“Here is buried the body of Sieur Salomon de Perpignan, one of the founders of the Free Royal Drawing School established in the year 1767 of the glorious reign of Louis XV in the city of Paris…Died 22 February 1781”. These are the words on one of the oldest tomb in Paris’s Jewish cemetery. They give an idea of the social importance acquired by the “Portuguese” Jews of Paris in the eighteenth century, even though they were only “tolerated” as an exception to the expulsion edict, which was still in force.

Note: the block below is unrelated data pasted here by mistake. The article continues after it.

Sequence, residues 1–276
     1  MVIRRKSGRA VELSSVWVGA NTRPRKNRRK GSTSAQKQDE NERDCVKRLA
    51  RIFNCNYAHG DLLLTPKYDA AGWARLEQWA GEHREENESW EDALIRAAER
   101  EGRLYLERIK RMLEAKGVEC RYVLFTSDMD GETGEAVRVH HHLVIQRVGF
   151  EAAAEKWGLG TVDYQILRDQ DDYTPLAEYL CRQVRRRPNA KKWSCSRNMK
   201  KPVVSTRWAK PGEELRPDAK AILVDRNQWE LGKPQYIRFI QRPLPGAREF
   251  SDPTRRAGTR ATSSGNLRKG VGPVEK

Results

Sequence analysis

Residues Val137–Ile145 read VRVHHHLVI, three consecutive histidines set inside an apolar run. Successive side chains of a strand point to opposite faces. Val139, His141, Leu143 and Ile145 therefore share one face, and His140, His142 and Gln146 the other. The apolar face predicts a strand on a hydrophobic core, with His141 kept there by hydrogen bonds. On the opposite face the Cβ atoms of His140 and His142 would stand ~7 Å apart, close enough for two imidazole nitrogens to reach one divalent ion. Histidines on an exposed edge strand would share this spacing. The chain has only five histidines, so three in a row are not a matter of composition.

This small plot of land was bought on 3 March 1780 by Jacob Rodrigue Pereire, an “agent of the Portuguese-Jewish nation in Paris”. The legality of the cemetery was recognized in an edict that allowed Jews to be buried there “at night, without noise, scandal, or ceremony, in the accustomed manner”. The cemetery was closed in 1810, when Père Lachaise opened a special area for Jewish sepulchers. It now lied hemmed in between the tall buildings of this modern quarter.